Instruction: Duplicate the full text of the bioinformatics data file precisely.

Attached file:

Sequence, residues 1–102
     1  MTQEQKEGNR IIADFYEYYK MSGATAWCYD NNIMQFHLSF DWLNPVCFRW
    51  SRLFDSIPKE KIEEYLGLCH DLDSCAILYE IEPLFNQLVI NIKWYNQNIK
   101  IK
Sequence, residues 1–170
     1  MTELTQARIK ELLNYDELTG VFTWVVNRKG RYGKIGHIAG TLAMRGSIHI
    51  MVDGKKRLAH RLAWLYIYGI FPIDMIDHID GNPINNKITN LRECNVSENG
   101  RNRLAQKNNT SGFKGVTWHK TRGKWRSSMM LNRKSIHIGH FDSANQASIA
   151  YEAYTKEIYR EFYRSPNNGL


Sequence, residues 1–102
     1  MTQEQKEGNR IIADFYEYYK MSGATAWCYD NNIMQFHLSF DWLNPVCFRW
    51  SRLFDSIPKE KIEEYLGLCH DLDSCAILYE IEPLFNQLVI NIKWYNQNIK
   101  IK
Sequence, residues 1–170
     1  MTELTQARIK ELLNYDELTG VFTWVVNRKG RYGKIGHIAG TLAMRGSIHI
    51  MVDGKKRLAH RLAWLYIYGI FPIDMIDHID GNPINNKITN LRECNVSENG
   101  RNRLAQKNNT SGFKGVTWHK TRGKWRSSMM LNRKSIHIGH FDSANQASIA
   151  YEAYTKEIYR EFYRSPNNGL